• Two Swans, 2011 - Vezur
  • Contrasting Sounds, 1924
  • Moonlight, 1874
  • Lady of the Flowers, 1895
  • Winter, 2011 - Vezur
  • Portraits at the Stock Exchange, 1879
  • Orange Trees, 1878
  • Cherubini, 1514
  • When The Grass Was Greener, 2011 - Vezur
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  • Seacoast at Engure, 2011 - Vezur
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  • The Hope II, 1908
  • The Rape of Europa, 1910
  • Mother And Child Aka Madonna, 1908
  • Portrait Of Gabrielle Aka Young Girl With Flowers, 1900
  • Flying people, 2011 - Vezur
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  • Four Trees, 1917
  • Sunflowers, 1888
  • Portrait of Ida Rubenstein, 1910
  • Entrance to harbor, Moonlight, 1881
  • Zwei Akte, 1890
  • Portrait of Felix Feneon, 1890
  • House of Blackheads, 2011 - Vezur
  • Tree of Life, 1909
  • Poppies at Argenteuil, 1873
  • Lady with hat and feather boa, 1909
  • Wheat Field With Reaper And Sun, 1889
  • Lady with fan, 1918
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  • Pugacheva Taxi, 2011 - Vezur
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  • La Sybille, 1891
  • Water Lilies, 1906
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  • Lane at the Jardin du Luxembourg, 1886
  • The Midday Nap, 1894
  • San Giorgio Maggiore at Dusk, 1908
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  • The Last Supper, 1498
  • Poppies, 1886
  • Three Sisters at The Three Brothers, 2011 - Vezur
  • Riegert aka Laima Clock, 2011 - Vezur
  • Morning in a Pine Forest, 1889
  • Man with a Pipe (aka The Man from Nice), 1918
  • Self Portrait with Arm Twisting above Head, 1910
  • Autumn Sun I, 1912
  • Dandelions, Ventas Rumba, 2011 - Vezur

Judith and the Head of Holofernes, 1901

Judith and the Head of Holofernes, 1901

Gustav Klimt

Judith was the biblical heroine who seduced and then decapitated General Holofernes in order to save her home city of Bethulia from destruction by the enemy, the Assyrian army.
The story tells of the Assyrian army laying siege to the Jewish city of Bethulia. When the inhabitants were on the point of capitulating, Judith, a rich and beautiful widow, devised a scheme to save them. She adorned herself 'so as to catch the eye of any man who might see her', and set off with her maid into the Assyrian lines. By the pretence of having deserted her people she gained access to the enemy commander, Holofernes, and proposed to him a fictitious scheme for overcoming the Jews. After she had been several days in the camp Holofernes became enamoured of her and planned a banquet to which she was invited. When it was over and they were alone together he had meant to seduce her, but he was by then overcome with liquor. This was Judith's opportunity. She quickly seized his sword and with two swift blows severed his head. Her maid was ready with a sack into which they put the head. They then made their way through the camp and back to Bethulia before the deed was discovered. The news threw the Assyrians into disarray and they fled, pursued by the Israelites.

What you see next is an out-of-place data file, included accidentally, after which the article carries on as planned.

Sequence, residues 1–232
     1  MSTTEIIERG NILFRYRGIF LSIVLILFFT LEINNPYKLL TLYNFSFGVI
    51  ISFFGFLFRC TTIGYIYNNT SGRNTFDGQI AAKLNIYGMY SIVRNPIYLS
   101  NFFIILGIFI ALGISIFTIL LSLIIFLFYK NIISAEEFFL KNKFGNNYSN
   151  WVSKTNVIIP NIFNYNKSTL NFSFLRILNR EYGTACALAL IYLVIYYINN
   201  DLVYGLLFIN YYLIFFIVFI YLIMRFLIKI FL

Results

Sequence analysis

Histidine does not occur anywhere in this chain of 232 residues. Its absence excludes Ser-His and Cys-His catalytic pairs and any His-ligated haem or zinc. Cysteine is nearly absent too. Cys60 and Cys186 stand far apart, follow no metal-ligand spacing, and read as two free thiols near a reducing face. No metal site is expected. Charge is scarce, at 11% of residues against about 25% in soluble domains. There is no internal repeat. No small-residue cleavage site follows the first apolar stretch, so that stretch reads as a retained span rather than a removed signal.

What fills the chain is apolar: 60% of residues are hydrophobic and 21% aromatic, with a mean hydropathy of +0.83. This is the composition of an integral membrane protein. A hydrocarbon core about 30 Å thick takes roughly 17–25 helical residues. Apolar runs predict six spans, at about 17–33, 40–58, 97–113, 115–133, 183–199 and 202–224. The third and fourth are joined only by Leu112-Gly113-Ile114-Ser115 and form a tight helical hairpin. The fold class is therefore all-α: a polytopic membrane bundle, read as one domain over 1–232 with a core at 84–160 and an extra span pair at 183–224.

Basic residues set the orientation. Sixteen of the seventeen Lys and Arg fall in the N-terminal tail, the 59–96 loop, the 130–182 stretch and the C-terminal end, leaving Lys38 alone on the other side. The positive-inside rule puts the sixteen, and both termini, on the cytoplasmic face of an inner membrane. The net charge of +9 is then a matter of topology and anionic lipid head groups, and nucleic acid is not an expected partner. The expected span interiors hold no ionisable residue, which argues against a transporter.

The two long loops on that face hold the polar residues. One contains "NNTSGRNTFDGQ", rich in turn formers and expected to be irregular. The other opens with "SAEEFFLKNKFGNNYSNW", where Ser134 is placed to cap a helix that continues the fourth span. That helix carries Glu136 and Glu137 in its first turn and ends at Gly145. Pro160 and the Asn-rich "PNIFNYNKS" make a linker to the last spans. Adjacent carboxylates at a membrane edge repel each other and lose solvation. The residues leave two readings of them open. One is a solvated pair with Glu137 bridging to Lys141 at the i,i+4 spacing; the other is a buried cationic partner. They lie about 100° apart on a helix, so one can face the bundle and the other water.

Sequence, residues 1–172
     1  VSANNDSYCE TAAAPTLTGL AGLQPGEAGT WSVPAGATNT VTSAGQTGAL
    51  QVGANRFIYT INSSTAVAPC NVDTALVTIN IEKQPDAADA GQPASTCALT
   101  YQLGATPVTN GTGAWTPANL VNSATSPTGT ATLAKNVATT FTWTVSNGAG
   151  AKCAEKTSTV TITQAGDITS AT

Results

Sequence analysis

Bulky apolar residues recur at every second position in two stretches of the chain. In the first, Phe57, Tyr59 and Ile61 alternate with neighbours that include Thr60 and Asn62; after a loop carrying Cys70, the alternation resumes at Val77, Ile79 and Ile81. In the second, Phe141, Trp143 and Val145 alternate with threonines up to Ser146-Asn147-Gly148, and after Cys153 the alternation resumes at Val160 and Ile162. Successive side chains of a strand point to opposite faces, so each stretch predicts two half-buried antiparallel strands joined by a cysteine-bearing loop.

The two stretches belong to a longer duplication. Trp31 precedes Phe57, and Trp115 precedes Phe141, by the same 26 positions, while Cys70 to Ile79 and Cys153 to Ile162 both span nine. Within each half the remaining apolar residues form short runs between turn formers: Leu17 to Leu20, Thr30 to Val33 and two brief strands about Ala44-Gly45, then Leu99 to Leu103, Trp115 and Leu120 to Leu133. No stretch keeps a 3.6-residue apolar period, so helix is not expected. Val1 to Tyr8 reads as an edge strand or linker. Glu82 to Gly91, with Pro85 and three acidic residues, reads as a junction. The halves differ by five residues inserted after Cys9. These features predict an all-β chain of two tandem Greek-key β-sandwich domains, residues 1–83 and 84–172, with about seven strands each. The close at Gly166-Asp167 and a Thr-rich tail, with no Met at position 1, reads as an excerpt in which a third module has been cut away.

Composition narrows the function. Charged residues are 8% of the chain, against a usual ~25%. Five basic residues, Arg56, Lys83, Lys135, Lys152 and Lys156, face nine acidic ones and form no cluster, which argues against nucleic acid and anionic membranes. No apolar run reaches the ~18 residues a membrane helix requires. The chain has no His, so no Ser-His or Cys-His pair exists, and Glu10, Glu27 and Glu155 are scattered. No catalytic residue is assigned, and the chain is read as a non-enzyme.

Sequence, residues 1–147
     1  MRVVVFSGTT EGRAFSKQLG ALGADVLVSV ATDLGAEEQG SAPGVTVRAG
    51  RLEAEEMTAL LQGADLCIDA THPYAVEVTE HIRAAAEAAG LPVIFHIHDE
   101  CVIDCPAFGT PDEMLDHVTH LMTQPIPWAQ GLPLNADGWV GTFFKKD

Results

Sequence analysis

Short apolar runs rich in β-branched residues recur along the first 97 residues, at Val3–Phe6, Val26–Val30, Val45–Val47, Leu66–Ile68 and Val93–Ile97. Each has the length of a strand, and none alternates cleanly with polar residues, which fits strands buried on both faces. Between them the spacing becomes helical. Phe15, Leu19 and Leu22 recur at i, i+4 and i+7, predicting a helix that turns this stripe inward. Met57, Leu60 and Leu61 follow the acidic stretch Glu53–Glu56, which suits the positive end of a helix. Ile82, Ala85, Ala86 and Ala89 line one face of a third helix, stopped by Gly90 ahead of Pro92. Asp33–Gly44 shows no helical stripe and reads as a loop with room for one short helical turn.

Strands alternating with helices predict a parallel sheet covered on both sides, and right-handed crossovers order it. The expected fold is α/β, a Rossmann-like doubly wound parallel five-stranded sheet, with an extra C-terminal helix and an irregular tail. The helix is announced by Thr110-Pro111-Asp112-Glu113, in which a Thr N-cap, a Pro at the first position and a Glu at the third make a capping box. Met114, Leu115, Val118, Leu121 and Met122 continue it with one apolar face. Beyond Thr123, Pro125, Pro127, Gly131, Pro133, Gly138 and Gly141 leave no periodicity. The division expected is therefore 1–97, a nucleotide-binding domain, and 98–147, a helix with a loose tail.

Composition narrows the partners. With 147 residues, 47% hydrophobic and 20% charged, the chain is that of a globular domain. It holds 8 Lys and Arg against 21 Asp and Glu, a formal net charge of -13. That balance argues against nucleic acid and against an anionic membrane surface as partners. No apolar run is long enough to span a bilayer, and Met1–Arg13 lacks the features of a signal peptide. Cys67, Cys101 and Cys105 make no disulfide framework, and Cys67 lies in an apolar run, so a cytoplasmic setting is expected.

The subject was quite popular from the Middle Ages onwards, as an example of virtue overcoming vice. However, this work is not timeless allegory, since Judith is depicted as a Viennese society beauty. The model was Adele Bloch-Bauer. Judith's sensuality and her orgasmic expression as she holds up the head of Holofernes shocked Vienna. The Viennese could not bring themselves to see this brazen femme fatale, who is clearly taking pleasure in her actions, as the pious Jewish widow how risked her virtue in order to save her city.
Judith herself has in a sense been decapitated. The heavy gold choker she wears, fashionable in early twentieth-century Vienna, rather brutally separates her own head from her body. Her clothes half conceal, half reveal her body. The stylized gold band at te bottom of the picture looks as if it might be an ornamental hem to her garment, but then cuts across her abdomen like a flat belt. The painting was bought almost immediately by Klimt's Swiss contemporary, the painter Ferdinand Hodler (1853 - 1918), whose work Klimt much admired.
Painting is currently in the collection of Österreichische Galerie, Vienna, Austria.
 

The painting will be delivered unstreched, rolled in protective & presentable case.